Canada’s Prairie Provinces Lead the Charge for Housing Affordability

Is Canada experiencing a national housing affordability crisis or a regional one? Many headlines dominating national newspapers suggest the entire country has become unaffordable. While British Columbia, Ontario and even Atlantic Canada have experienced record-breaking price gains and sales activity, Canada’s prairie provinces have been leading the charge for housing affordability.

Alberta, Manitoba and Saskatchewan offer many opportunities for young families to achieve home ownership without breaking the bank or having to spend decades saving a down payment.

Don’t believe it? Let’s look at some recent real estate stats to see how these three provinces facilitate an environment where many households can buy residential property without battling through bidding wars or borrowing more than they can realistically afford.

Canada’s Prairie Provinces Lead the Charge for Housing Affordability

Alberta

The Alberta real estate market is still on track for a record-setting year amid the rebounding oil and gas sector and a national economic recovery. But the housing market continues to strike a delicate balance between growth and affordability, appealing to both homebuyers and owners.

The average selling price for all home types edged down 0.359 per cent to $415,821 in September, although valuations are higher than they were a year ago, according to the Alberta Real Estate Association (AREA). At the same time, residential sales have slumped, new residential listings have slipped, and the sales-to-new-listing ratio (SNLR) has held steady.

Moreover, new housing construction took a breather in September, according to Canada Mortgage and Housing Corporation (CMHC). Housing starts declined to 2,152 in September, down from 2,165 in September 2020. However, year-to-date housing starts are way up to almost 22,000, from 15,729 in the first nine months of 2020.

Manitoba 

supply is down, but so too are demand and prices. Welcome to the beautiful (and very accessible) province of Manitoba.

According to the Manitoba Real Estate Association (MREA), the average sale price of a residential property fell 4.29 per cent month-over-month, to $332,056 in August (the most current market data available at the time of writing). This comes as home sales plummeted 17.19 per cent month-over-month in August, to 1,738 unit sales.

Will fresh supply trickle into the market soon? New residential listings declined 10.64 per cent to 2,259 units. However, housing construction is on an upward trajectory, with housing starts climbing to 719 in September, up from 285 at the same time a year ago, according to CMHC data. Year-to-date, housing starts have topped 5,000, up from 3,928 in the first nine months of last year. It’s hopeful news for buyers in the Manitoba housing market.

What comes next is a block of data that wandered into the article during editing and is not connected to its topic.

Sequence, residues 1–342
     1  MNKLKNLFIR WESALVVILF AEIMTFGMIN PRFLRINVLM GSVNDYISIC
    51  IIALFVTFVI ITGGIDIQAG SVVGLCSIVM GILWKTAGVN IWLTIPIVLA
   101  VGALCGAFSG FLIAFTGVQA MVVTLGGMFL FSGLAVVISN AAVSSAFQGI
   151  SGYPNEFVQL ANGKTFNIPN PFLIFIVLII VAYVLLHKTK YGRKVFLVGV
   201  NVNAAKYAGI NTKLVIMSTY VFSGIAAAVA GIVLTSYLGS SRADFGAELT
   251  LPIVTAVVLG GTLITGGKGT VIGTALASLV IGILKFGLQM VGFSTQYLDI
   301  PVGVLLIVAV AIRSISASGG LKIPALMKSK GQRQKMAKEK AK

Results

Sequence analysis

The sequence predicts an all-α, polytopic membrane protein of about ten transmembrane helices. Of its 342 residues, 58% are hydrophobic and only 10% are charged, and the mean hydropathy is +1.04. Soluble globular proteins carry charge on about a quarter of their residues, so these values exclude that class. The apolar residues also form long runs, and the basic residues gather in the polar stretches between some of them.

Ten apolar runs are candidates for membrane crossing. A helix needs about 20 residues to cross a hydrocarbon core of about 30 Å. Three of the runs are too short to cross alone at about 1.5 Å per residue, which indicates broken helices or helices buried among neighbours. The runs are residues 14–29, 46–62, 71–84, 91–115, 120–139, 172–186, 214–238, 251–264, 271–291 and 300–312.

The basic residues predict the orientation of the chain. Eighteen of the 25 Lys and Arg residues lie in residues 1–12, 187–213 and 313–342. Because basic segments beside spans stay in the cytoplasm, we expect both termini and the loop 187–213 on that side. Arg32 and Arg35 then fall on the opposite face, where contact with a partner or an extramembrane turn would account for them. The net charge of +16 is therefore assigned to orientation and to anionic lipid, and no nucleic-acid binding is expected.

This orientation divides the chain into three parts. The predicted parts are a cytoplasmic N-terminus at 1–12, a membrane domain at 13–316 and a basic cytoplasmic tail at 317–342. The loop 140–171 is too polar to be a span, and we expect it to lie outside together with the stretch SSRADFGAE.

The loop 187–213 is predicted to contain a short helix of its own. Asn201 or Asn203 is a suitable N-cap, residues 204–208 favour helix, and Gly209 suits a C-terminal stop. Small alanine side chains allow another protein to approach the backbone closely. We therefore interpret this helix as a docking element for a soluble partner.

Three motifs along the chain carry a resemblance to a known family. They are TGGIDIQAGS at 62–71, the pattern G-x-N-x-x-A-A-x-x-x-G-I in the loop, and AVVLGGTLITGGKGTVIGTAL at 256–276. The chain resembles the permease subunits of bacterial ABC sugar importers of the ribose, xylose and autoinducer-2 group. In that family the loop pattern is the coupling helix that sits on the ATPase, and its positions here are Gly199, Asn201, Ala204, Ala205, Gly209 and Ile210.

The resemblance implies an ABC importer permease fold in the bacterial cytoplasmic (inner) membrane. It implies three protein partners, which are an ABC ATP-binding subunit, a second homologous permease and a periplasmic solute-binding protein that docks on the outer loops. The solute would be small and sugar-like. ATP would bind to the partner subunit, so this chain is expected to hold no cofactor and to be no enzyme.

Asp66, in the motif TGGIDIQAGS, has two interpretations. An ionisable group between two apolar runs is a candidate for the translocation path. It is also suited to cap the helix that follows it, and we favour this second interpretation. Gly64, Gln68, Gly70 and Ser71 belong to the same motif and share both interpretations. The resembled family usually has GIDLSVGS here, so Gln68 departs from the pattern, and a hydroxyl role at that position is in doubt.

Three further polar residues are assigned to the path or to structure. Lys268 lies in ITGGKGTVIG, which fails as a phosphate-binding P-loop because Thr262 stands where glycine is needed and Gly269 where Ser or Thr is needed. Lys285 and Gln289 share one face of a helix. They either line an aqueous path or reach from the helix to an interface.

Saskatchewan

The province of Saskatchewan has attracted many out-of-town buyers seeking more affordable housing options. Although this province has recorded notable price gains since the start of the pandemic, it has flatlined on a month-over-month basis.

According to the Saskatchewan Realtors Association (SRA), the benchmark price for residential property was $287,900 in August 2021 (the most current data available at the time of writing), which is relatively unchanged from the previous month.

While other regions have experienced declining supply, Saskatchewan has seen its inventory levels hold steady, although they are still at their lowest levels in seven years. With that said, easing sales have increased the number of months of inventory to seven. This measure refers to the length of time it would take to liquidate current inventory at the present rate of sales.

Residential development is on the rise in Saskatchewan, with housing starts surging to 545 in September, up from 150 at the same time a year ago. In total, year-to-date housing starts approach 3,000, up from a little more than 2,000 at the same time last year.

“Activity can vary significantly depending on the location and property type. For instance, when considering the two largest cities in the province, home prices have recovered in Saskatoon while there remains a significant spread from 2012 levels in Regina. For both buyers and sellers in this market, it is important to understand the local conditions,” said Chris Guérette, Saskatchewan REALTORS® Association CEO, in a news release.

A Regional Housing Strategy?

During the 2021 federal election, all of the major political parties proposed strategies to tackle the housing file at the national level. But John Carter, broker and owner of RE/MAX River City, told the Edmonton Journal that Ottawa needs to concentrate on presenting regional solutions to tackle the housing issue, alluding to Alberta’s capital, Edmonton, recently being ranked the fourth most affordable city in the nation.

The federal level needs to work with provinces and major municipalities on a collaborative approach to develop the strategies that will actually work,” he said.

Indeed, industry observers warn that NIMBYism and slow approval processes prevent an increase in supply that would help alleviate sky-high real estate prices across the country. Considering this is a subject for provincial and municipal governments, the federal government won’t have much say in altering zoning by-laws or local development.

Does this mean it is time for city hall to step up rather than lean on Parliament Hill? If the Prairies can maintain housing affordability for many Canadians, then other jurisdictions could as well.

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